Survey Says We Should Build & Reduce Fees & Regulations

Survey Says We Should Build & Reduce Fees & Regulations

On May 29th the Marin IJ published a front page story about a survey results entitled Area ‘disconnect’ cited in housing policy opinion.  The survey was commissioned by an organization calling itself the Bay Area Council , which has a mission to:

Fight unreasonable barriers to infill, transit-oriented, and urban development

Should it be any surprise that the  survey gives the “council” the mandate to be shovel ready to build high density infill housing region-wide?

Low Number of Marin Respondents,  High Degree of Error

The disclosure of a 16% margin of error for the north bay is highly significant. They only interviewed 1,018 respondents across the entire Bay Area of which 18% were in the North Bay which is likely to include Sonoma as well as Marin. So that’s 183 respondents, of which perhaps half were from Marin?

There’s No Disconnect

What’s emerging is the reality – the Bay Area is a highly constrained area. It’s a very attractive place to live with lots of high paying jobs that can kick start the career of a young graduate. The natural economics of such a situation are for rents and housing prices to rise; and it’s appropriate that respondents find that questions about these costs being high resonate.

Build or Don’t Build, The Survey Presents a False Dichotomy

The issue with the survey is that it asks whether respondents agree we should build more housing. This is a false dichotomy:  to say “no” presumes that we should stop all house building – hardly realistic, and few would agree.

The Bay Area Council has framed this question nicely to achieve their desired mandate to build. A follow up question  secures a  mandate that fees and regulations on new housing should be reduced! This appears right after asking the leading question:

The Bay Area is Facing a Crisis in Housing Costs – Agree/Disagree

Even if you were to poll those against high density housing (as I did in Civic Center/Terra Linda) you will find that most support building more affordable housing – but this needs to be in architectural character and to consider constraints such as traffic, parking, schools. taxes…

More Leading Questions

Consider these two statements that respondents are asked their position on (agree/disagree):

I would be willing to live in a smaller house and a more urban neighborhood if I could live closer to jobs, shops, restaurants and good entertainment options.

I would be willing to have a much longer commute if I could have a bigger house, with better schools, and a safer neighborhood.

In the second statement the adjective “much” is injected before the term “longer commute”. There is no such suggestive adjective in the first statement. If the first statement said “willing to live in a *much* smaller house” then the question would be fairly presented.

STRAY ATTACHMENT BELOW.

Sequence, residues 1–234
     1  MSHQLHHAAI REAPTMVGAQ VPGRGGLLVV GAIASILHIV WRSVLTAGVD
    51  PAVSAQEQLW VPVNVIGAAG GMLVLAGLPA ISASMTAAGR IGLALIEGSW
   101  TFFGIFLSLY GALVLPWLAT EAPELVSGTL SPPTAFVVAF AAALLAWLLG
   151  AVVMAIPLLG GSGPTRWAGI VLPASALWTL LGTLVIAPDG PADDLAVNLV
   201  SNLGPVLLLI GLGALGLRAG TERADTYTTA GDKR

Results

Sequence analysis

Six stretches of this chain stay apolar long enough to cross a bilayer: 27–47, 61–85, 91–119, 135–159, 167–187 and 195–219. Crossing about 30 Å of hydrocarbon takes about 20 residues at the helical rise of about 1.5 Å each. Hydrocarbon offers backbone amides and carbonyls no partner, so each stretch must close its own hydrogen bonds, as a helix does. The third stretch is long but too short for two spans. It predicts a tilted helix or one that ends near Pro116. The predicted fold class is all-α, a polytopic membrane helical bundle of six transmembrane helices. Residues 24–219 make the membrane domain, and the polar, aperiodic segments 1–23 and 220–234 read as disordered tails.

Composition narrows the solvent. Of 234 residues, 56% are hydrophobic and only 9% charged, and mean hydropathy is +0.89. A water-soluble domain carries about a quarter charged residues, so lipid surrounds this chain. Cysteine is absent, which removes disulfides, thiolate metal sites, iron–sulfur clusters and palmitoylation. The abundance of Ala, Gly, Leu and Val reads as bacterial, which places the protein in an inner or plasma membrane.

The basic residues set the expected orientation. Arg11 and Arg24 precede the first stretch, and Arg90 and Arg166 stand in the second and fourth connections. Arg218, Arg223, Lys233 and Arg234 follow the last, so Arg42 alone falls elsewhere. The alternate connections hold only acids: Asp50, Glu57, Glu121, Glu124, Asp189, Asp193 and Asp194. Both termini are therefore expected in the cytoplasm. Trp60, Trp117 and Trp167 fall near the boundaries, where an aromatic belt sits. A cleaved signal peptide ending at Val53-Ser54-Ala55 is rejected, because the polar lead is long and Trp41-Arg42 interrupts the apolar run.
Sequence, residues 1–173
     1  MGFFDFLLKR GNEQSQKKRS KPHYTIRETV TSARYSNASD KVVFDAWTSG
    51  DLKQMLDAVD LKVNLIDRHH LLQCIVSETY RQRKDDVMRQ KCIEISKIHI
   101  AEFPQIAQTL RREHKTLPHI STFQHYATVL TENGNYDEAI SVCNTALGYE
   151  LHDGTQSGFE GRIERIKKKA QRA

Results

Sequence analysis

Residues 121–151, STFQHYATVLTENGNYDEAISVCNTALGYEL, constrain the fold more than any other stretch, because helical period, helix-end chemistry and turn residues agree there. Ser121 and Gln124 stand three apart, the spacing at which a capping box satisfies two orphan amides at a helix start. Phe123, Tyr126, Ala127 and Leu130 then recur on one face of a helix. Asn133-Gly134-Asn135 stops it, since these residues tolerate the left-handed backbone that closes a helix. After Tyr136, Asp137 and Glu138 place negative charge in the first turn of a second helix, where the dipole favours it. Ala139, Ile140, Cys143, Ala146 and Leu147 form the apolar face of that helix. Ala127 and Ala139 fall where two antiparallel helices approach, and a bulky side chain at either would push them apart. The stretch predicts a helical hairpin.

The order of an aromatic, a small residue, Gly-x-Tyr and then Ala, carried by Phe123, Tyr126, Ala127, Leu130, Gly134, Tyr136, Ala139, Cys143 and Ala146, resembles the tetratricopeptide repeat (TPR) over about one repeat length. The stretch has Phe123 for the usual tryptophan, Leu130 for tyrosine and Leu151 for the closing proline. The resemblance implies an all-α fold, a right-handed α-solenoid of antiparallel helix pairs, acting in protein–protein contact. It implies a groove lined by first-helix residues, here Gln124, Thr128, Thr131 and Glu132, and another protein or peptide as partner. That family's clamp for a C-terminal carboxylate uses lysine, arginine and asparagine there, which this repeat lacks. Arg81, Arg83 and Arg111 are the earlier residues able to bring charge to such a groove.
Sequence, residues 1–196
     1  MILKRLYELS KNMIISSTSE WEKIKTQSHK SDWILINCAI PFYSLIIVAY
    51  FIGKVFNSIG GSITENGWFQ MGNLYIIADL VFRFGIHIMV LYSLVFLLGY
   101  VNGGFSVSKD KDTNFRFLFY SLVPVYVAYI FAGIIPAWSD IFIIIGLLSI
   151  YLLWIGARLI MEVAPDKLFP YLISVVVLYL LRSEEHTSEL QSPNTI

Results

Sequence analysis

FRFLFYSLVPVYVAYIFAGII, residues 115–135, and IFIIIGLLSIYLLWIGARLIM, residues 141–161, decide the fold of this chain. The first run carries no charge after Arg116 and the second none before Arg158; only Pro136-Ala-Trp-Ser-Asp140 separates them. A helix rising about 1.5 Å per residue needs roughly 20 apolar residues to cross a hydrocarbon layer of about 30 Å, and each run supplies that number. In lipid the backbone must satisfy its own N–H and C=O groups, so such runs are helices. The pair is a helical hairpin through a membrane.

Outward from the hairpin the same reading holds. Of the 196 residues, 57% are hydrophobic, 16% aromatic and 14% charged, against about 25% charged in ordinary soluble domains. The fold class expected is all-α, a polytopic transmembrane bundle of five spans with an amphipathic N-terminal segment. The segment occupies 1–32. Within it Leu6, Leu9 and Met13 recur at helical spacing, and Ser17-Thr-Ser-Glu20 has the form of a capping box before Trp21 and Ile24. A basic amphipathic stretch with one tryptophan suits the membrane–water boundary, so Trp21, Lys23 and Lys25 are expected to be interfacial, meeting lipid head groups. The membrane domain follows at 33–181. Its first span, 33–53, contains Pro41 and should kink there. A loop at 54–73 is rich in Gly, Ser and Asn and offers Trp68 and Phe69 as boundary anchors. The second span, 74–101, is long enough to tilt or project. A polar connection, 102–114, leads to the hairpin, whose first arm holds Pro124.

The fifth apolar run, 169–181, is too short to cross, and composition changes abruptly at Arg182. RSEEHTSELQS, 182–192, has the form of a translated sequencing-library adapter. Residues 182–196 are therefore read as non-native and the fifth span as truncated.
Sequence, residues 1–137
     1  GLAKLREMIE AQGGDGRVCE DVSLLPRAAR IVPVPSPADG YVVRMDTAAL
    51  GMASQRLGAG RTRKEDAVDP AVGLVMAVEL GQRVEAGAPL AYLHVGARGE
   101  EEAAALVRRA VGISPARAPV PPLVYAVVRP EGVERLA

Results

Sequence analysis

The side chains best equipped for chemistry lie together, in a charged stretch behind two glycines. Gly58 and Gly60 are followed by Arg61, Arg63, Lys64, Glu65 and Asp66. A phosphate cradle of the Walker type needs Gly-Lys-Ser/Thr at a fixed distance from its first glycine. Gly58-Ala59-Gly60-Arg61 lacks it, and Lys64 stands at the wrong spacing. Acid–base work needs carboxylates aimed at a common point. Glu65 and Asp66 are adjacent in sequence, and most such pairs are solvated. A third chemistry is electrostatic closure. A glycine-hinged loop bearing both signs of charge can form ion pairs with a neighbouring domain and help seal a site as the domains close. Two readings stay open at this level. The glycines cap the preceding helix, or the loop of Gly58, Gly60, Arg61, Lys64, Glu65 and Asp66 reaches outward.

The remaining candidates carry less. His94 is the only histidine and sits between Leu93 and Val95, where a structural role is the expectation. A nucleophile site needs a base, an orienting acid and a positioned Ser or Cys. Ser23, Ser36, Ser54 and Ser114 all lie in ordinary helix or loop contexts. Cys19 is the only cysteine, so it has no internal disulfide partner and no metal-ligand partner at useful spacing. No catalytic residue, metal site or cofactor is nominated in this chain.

Improving Streets and Highways

It’s revealing to see the survey demonstrate that while people feel that roads and highway improvements are just slightly more important than public transportation improvements (82% vs 79%) 68% – 78% never use transit.

This overlooks the fact that despite increasing investment in transit since the 1980s per capita public transit use has declined in the Bay Area. In Marin there has been a significant increase in working from home since 1990, and a slight increase (0.7%) in cycling to work, while transit usage has declined by 1.6% (Source: US Census).

So What’s the Disconnect?

The disconnect is transit oriented development. There is a small but vocal group that believes it can encourage significant adoption of public transit  despite a strong body of evidence to the contrary. Such an effort is especially ineffective in a suburban area such as Marin more suited to cars.

Increasing adoption of public transit might be achievable if transit fares can be dropped, but this special interest group has an over-fixation on installing fixed guide-rail projects such as the SMART train that have the consistent impact of driving up transit costs and fares that serves to reverse their desired outcome.

However this group is highly effective at using persuasive language – language that suggests to the respondent how to think – “smart trains”, “smart growth”, “sustainable”. This language discourages questioning that can help get to the real answers.

Even the survey’s commissioners follow this trick – calling themselves the “Bay Area Council” suggesting that they are an elected body with legitimate regional authority.

This language is then combined with dishonest and non-transparent processes where these groups with strong feelings have become over-represented on councils, advisory boards and planning commissions.